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BW STEM majors win NASA/Ohio Space Grant Consortium scholarships

Four students received 2022-2023 NASA/Ohio Space Grant Consortium (OSGC) undergraduate junior-senior scholarships.

The OSGC is part of the National Space Grant College and Fellowship Program (Space Grant), funded by Congress and administered through the Office of Education at NASA Headquarters. Space Grant consists of a national network of colleges and universities that work to support science, technology, engineering and mathematics (STEM) education, including competitive scholarships for STEM majors.

The students from the BW School of Natural Sciences, Mathematics and Computing will pursue and present research on the effects of gastric bypass surgery, air quality sensing, nasal cannula as a vector for transmission of pathogens and the development of a microbial fuel cell.

Bella Allen '23

Allen is a junior chemistry and biology double major who, in collaboration with Dr. Michael Kovach, plans to investigate the transmission of pathogens on nasal cannula prongs, a medical device commonly used in healthcare to provide supplemental oxygen. This will be assessed via a series of experiments utilizing bacterial cultures to determine if they can survive on the cannula and how many will remain on the cannula after a specified length of time.

Healthcare workers frequently remove nasal cannulas to care for patients. Currently, it is unknown just how many pathogens these cannulas are exposed to when removed from the patient. With this research, Allen hopes to provide critical information pertaining to bacterial survival on cannulas and use it to potentially develop a better understanding of the transmission of pathogens on universal vectors.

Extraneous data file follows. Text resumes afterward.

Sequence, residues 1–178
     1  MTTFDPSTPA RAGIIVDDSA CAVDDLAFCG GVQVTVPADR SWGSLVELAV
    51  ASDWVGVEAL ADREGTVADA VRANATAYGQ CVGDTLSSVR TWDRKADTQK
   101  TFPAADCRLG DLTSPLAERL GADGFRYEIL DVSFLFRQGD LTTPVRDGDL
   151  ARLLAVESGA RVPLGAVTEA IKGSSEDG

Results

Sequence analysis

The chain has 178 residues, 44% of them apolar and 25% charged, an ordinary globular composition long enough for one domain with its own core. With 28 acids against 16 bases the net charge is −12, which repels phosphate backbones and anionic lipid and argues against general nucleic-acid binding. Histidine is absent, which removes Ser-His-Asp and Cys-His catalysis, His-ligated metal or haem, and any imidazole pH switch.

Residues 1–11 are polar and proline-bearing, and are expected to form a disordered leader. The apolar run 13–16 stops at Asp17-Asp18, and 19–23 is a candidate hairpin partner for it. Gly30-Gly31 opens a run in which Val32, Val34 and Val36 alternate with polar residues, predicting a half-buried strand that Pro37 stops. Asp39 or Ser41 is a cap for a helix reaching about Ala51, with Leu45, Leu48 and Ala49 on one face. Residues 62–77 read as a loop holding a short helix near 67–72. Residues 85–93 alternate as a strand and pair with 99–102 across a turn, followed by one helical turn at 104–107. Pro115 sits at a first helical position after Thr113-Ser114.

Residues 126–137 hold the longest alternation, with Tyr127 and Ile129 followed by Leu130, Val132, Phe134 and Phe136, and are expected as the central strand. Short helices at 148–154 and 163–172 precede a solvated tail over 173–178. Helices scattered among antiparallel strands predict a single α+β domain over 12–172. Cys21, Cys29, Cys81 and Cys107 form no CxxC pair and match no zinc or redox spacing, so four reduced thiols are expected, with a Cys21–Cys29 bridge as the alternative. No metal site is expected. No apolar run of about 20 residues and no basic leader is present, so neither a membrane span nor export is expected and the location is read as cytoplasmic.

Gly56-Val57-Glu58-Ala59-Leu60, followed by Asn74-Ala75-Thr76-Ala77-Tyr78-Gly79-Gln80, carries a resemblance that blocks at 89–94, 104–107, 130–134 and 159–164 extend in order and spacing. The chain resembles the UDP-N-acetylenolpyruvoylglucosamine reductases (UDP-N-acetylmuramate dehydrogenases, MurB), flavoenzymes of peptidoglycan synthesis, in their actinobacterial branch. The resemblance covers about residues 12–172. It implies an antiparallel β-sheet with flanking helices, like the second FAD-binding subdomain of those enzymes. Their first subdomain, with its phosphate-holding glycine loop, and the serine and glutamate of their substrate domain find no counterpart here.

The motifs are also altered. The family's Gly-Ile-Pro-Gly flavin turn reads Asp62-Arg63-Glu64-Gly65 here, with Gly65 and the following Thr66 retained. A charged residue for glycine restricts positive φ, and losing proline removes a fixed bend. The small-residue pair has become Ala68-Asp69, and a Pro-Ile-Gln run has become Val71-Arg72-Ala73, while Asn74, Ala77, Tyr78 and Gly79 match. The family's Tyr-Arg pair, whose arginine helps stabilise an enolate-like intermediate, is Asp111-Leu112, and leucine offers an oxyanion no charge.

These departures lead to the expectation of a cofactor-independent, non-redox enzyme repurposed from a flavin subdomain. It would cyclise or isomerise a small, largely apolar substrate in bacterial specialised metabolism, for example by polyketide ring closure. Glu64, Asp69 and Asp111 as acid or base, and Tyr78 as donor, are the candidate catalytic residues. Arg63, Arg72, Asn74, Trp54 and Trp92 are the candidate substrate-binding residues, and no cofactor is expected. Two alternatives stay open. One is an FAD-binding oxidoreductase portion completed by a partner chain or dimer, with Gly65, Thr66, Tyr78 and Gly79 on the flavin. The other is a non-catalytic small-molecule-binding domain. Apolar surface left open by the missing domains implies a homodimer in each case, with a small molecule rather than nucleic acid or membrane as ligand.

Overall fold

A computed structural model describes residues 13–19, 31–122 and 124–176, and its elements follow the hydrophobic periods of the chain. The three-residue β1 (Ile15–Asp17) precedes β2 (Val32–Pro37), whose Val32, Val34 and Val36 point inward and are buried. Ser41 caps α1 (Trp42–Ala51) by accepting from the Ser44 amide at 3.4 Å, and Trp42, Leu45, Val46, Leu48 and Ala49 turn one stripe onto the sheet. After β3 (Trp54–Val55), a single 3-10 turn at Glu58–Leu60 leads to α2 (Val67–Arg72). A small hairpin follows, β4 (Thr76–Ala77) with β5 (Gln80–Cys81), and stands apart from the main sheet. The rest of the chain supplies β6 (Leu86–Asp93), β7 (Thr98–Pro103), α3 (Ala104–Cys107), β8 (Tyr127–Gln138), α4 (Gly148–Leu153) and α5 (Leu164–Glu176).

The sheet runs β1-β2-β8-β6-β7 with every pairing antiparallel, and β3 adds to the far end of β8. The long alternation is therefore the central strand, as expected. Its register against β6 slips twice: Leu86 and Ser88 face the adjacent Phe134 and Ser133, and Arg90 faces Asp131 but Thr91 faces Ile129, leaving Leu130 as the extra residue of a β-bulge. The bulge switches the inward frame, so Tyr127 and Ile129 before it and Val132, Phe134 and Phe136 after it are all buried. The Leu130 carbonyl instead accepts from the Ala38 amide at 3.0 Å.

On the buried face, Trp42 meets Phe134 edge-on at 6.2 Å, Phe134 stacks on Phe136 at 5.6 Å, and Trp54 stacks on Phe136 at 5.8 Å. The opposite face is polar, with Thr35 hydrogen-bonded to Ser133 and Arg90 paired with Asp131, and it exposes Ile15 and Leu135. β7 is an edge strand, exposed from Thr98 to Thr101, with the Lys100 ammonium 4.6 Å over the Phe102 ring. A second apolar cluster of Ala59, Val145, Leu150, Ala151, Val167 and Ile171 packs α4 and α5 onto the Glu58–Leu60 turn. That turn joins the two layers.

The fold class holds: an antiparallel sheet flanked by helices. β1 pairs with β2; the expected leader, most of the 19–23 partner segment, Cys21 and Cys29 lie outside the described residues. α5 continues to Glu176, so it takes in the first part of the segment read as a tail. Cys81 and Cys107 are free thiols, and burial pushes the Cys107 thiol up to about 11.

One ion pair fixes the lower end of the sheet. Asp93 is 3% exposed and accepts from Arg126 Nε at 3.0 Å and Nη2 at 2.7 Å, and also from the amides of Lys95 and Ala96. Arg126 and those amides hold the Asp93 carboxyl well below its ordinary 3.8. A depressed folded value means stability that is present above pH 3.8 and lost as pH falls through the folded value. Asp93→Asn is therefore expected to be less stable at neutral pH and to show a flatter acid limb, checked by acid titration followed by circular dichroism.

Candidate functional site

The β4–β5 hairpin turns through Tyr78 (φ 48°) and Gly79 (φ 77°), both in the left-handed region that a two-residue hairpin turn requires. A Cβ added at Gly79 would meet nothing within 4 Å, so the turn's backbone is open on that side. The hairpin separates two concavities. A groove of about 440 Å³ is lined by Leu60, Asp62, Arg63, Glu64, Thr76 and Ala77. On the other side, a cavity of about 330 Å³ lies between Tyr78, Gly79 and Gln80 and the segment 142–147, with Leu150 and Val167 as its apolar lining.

Braddon Dennison '23

Dennison is a junior engineering major who, in collaboration with Dr. Paul Penko, plans to design, fabricate, optimize and test a practical, working fuel cell that utilizes naturally occurring bacteria to produce electrical power.

His project has both practical and pedagogical motivations. On the practical side, alternative sources of energy are of the utmost importance. The bacterial fuel cell has the potential to harvest freely available renewable energy from the ambient environment, such as a pond or sewage-treatment plant, to recharge energy storage devices. From a pedagogical perspective, this project demonstrates the application of the engineering design process in practice.

Julia Gersey '24

Gersey is a sophomore computer science and applied mathematics double major. This summer, under the mentoring of Dr. Brian Krupp, Gersey plans to combine hardware and software to develop air quality monitoring sensors that report real-time statistics to users.

Besides programming software to receive and interpret the data, deploying these sensors around Baldwin Wallace for a pilot study will be essential to solve technical hardware challenges and improve the prototype devices to eliminate any issues.

In Cuyahoga County, an area of 459.07 square miles and a population of 1,245,337 (as of 2020), only one air quality sensor reports the particulate matter (PM) levels. By deploying more of these sensors, Dr. Krupp and Gersey can increase awareness and education among many people.

Jake Mansell '23

Mansell is a senior neuroscience major who, in collaboration with Dr. Clare Mathes and two other neuroscience thesis students, plans to ascertain if female rats fed a "western diet" (high in fat and sugar) that undergo bariatric weight-loss surgery will develop an "addiction" to alcohol. They have assessed this on a behavioral level and will now explore hormonal profiles.

Bariatric surgery is currently the most efficacious treatment for obesity and related disorders, but not all of its long-term implications are understood, especially in female organisms. With this research, Mansell and his colleagues hope to assess and provide information about the potential increased risk of behavioral addiction post-surgery.

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